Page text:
Famed local artist completes another South Shore mural

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The go-to muralist of the South Shore, Tess Parker, an East Islip native, completed another community art project, this time to celebrate Bohemia.

When Rob Ferrara of Migrate Realty at 1087 Smithtown Avenue, Bohemia, purchased the shopping center where the mural was eventually painted, earlier this year, he thought the location was a natural showcase for the artwork.

“Tess is a longtime friend of mine, and as soon as I went into contract on the building, I reached out to let her know I have the perfect spot.”

Ferrara had envisioned a design similar to Parker’s piece completed in Oakdale last year at the Idle Hour Deli.

With this in mind, Parker began to search for and compile Bohemia landmarks. “Once I had the representations I wanted of each landmark, I then chose which reference images of each would look best within each letter; then I built on it from there,” said Parker.

The outline of Long Island with a heart was not in the original design, but Ferrara thought of the idea while Parker was working on the mural.

Central to Parker’s vision was to convey town pride, with special recognition towards emblematic sites, interests, and activities of the Bohemia community.

The statue of Jan Hus, represented in the “I” of “BOHEMIA,” was built in 1893 and was erected to commemorate him for leading the Bohemian religious reformation 100 years before Martin Luther, and was the first statue in the world to have been erected to the Czech martyr who was burned at the stake in 1415.

With a canvas much larger than Parker was used to working on, it allowed her the space to include the Long Island, New York, caption underneath the Bohemia portion of the mural.

“I feel that [the Long Island, New York, caption] is the most distinguishing characteristic compared to my previous similar works,” said Parker.

Another major aspect is the waving patriotic American flag within the letters of New York, something Parker found to be “essential during a tensely divided political climate.”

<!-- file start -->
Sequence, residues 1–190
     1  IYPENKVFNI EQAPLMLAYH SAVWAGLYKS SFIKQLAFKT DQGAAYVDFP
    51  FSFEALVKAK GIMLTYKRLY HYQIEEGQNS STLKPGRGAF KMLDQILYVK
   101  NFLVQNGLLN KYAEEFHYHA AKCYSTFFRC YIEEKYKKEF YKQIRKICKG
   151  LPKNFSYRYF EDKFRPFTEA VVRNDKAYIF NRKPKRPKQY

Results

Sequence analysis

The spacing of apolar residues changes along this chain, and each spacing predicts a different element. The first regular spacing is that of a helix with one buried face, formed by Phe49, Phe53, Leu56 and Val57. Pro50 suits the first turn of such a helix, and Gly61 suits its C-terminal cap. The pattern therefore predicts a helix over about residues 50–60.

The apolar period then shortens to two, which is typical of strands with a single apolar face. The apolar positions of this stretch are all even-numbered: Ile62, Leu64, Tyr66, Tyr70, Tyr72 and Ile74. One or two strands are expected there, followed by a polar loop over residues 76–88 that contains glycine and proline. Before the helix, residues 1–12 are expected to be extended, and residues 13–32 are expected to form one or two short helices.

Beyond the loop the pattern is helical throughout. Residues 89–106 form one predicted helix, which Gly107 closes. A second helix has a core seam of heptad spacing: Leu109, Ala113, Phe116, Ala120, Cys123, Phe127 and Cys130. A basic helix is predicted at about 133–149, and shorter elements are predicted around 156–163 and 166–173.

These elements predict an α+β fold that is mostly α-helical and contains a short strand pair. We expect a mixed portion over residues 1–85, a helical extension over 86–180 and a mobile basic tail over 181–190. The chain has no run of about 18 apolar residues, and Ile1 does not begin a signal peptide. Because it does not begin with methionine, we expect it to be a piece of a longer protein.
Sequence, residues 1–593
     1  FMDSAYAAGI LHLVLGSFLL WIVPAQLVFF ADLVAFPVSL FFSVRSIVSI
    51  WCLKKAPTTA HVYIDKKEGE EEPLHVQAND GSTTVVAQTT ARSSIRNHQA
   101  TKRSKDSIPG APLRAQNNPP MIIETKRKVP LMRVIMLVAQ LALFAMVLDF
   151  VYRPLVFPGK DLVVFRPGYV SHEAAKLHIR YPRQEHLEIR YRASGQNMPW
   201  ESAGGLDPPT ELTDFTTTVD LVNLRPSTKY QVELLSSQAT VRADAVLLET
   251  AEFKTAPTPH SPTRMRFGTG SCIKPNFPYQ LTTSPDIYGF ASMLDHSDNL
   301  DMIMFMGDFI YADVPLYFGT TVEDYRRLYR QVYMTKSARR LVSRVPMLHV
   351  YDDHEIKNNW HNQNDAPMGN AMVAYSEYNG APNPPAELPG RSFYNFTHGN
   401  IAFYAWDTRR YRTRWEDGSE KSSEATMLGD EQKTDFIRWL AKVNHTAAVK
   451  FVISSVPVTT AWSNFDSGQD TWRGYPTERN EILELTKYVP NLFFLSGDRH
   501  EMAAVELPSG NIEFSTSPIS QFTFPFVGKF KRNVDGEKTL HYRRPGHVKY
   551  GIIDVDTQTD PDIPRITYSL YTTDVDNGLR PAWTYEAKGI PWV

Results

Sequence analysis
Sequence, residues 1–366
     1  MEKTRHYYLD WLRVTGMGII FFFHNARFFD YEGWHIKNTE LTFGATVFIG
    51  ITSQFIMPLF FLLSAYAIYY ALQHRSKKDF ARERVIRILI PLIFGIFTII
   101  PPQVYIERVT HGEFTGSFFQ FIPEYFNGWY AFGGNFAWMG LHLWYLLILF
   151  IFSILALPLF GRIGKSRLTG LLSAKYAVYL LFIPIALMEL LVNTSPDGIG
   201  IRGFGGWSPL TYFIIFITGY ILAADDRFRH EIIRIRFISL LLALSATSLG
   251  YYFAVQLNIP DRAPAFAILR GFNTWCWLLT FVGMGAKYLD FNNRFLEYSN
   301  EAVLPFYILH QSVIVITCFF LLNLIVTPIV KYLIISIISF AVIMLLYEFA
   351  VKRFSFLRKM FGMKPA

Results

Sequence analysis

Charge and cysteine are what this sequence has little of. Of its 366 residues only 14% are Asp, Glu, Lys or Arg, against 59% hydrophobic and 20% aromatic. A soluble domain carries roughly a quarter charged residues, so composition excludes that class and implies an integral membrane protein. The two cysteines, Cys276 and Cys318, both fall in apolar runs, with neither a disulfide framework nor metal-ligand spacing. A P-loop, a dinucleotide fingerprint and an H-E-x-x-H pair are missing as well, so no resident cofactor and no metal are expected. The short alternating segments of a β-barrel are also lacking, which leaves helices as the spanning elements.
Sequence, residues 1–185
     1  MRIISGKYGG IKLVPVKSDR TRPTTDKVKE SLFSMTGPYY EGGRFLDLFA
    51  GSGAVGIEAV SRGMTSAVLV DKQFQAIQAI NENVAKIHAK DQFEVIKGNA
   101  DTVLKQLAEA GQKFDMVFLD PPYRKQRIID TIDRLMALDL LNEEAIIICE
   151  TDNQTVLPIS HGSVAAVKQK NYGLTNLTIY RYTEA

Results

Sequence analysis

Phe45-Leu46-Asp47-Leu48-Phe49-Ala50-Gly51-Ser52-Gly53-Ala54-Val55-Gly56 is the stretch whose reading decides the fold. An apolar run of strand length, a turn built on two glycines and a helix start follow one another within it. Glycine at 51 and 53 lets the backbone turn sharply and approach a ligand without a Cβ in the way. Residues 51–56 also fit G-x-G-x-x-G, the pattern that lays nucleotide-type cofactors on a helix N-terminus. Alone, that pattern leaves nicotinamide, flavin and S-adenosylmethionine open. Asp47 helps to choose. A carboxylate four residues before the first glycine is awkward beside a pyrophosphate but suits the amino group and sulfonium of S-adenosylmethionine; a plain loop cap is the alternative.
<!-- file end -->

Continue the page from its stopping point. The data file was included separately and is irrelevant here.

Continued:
“Studies show that public art contributes to unity and identity; empowers individuals; fosters community pride and a sense of belonging; enhances quality of life for its residents and visitors; and improves aesthetic, value, and economic vitality of a community. At the heart of community-engaged art projects such as this is inclusion and support; I genuinely engage with community members throughout the process, encourage suggestions, and prioritize the overall desires and representation of the people within the community,” said Parker.

The process took a little over a month to complete, with Parker finishing in December.

Taking a stab at professional masonry for the first time, Parker utilized an assortment of tools to rip out any loose stone or concrete from the wall and then patched the crevices, which were later ground down before priming.

With no graphic design tools or projectors for her large-scale work, Parker sketched her drafts by hand with either spray-paint or regular paint, occasionally using multiple references on her phone.

“This is by far my largest piece, and being able to write out ‘BOHEMIA’ at that scale in that font without a projector or measurements or any pre-measured scale was expected to be a challenge, but I did it on my first try. Acquiring a new skill as well as acknowledging one I hadn’t previously been aware of were my biggest personal accomplishments with this piece. I’m hopeful it has impacted those within the town of Bohemia, but I am also hopeful it has inspired other surrounding areas on the South Shore of Long Island to encourage the arts and support local artists,” said Parker.

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